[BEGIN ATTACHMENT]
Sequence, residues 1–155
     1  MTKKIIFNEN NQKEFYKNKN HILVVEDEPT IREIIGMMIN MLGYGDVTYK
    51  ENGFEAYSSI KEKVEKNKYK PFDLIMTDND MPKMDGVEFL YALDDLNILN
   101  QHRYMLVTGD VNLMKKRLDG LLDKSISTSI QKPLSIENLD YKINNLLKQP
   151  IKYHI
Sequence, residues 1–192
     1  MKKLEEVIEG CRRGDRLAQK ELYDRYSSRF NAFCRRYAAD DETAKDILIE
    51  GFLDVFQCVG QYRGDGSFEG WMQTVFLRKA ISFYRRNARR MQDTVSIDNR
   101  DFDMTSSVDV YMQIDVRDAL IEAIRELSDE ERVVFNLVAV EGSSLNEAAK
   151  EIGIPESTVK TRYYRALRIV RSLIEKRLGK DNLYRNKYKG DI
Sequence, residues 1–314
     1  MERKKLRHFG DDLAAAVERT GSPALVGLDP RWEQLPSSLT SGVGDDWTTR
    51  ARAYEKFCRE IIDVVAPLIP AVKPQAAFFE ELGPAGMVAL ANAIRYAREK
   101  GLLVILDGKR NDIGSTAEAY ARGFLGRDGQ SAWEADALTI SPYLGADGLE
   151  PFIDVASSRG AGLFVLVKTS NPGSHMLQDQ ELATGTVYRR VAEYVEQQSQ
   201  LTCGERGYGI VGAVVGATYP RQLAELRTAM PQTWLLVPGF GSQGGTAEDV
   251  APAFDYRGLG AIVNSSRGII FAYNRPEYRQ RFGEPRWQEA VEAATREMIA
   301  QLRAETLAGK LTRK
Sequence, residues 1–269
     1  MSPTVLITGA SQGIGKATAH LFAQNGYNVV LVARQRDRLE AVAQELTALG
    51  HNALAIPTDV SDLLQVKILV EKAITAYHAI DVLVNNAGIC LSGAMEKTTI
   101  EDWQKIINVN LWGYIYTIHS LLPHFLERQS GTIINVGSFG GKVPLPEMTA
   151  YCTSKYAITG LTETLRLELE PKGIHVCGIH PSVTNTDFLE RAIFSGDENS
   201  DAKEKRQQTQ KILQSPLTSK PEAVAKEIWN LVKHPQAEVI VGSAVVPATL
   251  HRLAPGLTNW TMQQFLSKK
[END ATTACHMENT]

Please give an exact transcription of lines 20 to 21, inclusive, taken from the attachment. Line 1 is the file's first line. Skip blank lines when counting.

     1  MSPTVLITGA SQGIGKATAH LFAQNGYNVV LVARQRDRLE AVAQELTALG
    51  HNALAIPTDV SDLLQVKILV EKAITAYHAI DVLVNNAGIC LSGAMEKTTI